A ruling in a Louisiana bankruptcy court case, In re Wilson, provides compelling evidence that many of the assertions made by Lender Processing Services, which both acts as the servicing platform and provider of default services for mortgage services industry, about how limited its role and hence its legal liability is, simply do not comport with reality.
In very simple terms, LPS claims that it is simply a hub, acting as a middleman of sorts between servicers, borrowers, and law firms, providing “information services” of various sorts. Some pending lawsuits, including one launched as a class action in bankruptcy (Federal) court in Mississippi, contend that LPS has been engaging in impermissible splitting of legal fees (which is subject to disgorgement) as well as charing fees that have not been disclosed to the court (a huge no-no in bankruptcy court, where every disbursement is required to be reported). The Chapter 13 bankruptcy trustee for Northern Mississippi has joined that case, both in her own name and on behalf of all Chapter 13 bankruptcy trustees as a class.
I strongly suggest you read this Louisiana decision (hat tip April Charney) in full. It provides an amusing contrast of LPS’s PR about what it does, versus a client’s account.
For instance, even though LPS insisted it was largely passive, the client, Option One. contended otherwise, maintaining that:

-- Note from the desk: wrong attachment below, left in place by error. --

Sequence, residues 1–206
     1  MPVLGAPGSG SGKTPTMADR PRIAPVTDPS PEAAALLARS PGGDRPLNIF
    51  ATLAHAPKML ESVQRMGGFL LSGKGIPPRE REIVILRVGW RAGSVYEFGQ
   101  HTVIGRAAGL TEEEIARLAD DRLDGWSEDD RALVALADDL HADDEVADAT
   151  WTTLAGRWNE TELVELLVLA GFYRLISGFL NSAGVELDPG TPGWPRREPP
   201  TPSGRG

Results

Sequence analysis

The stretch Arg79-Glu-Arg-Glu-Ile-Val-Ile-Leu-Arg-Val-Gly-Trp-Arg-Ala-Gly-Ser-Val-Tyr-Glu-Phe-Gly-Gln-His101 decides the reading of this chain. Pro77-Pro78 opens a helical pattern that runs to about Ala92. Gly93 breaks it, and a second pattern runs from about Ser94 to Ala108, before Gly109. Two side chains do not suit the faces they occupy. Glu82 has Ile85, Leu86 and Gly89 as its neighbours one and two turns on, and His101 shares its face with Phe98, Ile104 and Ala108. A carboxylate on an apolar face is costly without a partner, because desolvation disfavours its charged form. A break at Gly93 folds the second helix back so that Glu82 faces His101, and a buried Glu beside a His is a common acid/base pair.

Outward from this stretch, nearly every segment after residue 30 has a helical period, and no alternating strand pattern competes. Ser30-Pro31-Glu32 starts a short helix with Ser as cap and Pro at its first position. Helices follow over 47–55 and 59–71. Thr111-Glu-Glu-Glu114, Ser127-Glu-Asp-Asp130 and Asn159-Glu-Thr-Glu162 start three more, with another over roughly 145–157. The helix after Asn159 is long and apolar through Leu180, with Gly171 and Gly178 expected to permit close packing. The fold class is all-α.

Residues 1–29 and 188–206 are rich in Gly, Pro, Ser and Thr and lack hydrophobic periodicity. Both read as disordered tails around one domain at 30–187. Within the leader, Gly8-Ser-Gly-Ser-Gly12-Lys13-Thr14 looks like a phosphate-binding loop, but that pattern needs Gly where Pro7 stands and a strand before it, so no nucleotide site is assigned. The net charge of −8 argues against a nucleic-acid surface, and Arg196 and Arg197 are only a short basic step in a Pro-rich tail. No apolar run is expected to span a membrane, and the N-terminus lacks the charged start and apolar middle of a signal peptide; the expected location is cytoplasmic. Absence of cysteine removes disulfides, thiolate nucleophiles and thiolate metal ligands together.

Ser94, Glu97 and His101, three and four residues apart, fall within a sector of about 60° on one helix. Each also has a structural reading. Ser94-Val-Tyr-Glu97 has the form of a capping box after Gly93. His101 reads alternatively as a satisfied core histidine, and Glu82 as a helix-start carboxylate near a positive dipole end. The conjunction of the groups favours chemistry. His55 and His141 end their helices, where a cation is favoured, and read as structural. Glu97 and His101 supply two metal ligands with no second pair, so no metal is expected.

LPS takes a very large range of actions relative to clients on its own initiative, without specific servicer instructions or involvement. Some are even done by the system automatically, without human intervention.
LPS manages all “all tasks required during the administration of a loan during bankruptcy”. If counsel needs to be told to do something, LPS gives orders and involves the client only if it cannot resolve the matter on its own. That includes court filings, such as all Motions for Relief of Stay and Affidavits of Default.
Given the extent of “he said, she said,” the US Trustee, which is an arm of the Department of Justice dedicated to bankruptcy courts, offered to help and the court agreed. Eighteen months of fractious discovery followed, and as a result, the US Trustee filed motions to sanction the law firm involved in the borrower case as well as LPS.
The court not only deemed an LPS’s affidavit to be a sham and took such a dim view of that as to call into question all banks’ breezy assertions that robosigning is no big deal, it also services to confirm elements of the role LPS plays in mortgage servicing as set forth in pending litigation. We’ve long been of the view that LPS’s role in the mortgage mess is far from innocent, and the tidbits coming out over time continue to bear out our suspicions.